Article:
I will be visiting a friend in the hospital this weekend. I want to bring something but I am not sure about flowers. It seems to me that they could be quite cumbersome when you have to take them home. Not to mention that some patients are allergic to them. I would appreciate it if you could please give me some gift suggestions to ease my choice.
So it looks like the 'magic bullet' solution has been found at last to cure Canada's health care woes: medical tourism. It's a revenue-generating solution for a cash-strapped system, we are told. A handful of other hospitals already engage in this practice. Should we break out the champagne and celebrate? Not so fast.
There's nothing wrong with raising concerns about respect for privacy with regard to certain commercial practices. But the quantity and quality of data collected, the use to which they are put, and the potential violations of respect for privacy have nothing in common with those of governments and their spy agencie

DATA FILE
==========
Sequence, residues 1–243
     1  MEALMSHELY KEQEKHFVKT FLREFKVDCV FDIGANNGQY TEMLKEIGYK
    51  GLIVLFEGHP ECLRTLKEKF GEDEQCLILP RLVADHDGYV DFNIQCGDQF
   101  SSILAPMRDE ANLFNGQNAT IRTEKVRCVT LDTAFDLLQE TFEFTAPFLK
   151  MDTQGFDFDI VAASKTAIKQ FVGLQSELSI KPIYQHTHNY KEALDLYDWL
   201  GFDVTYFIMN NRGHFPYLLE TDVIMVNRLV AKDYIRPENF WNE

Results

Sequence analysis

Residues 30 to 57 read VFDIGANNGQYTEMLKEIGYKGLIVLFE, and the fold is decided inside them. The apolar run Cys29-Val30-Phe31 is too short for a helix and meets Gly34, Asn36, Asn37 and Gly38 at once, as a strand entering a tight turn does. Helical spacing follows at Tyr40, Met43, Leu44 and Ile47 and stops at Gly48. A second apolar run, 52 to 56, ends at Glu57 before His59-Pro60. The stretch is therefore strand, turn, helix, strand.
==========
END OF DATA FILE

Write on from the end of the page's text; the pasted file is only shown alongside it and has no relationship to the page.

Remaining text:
Low water levels will persist into the foreseeable future and this will mean significant environmental and economic costs for the region. Seasonal variations are natural and healthy. But when the starting point has moved to an all-time low, a one-time increase is not cause for celebration, especially when forecasts still leave the lakes well below average in Michigan-Huron.
To tell someone with mental illness that treatment is not necessary in order to overcome the symptoms of the disease is about as sensitive as telling someone with a treatable cancer that surgery, chemo, and radiation won't be necessary.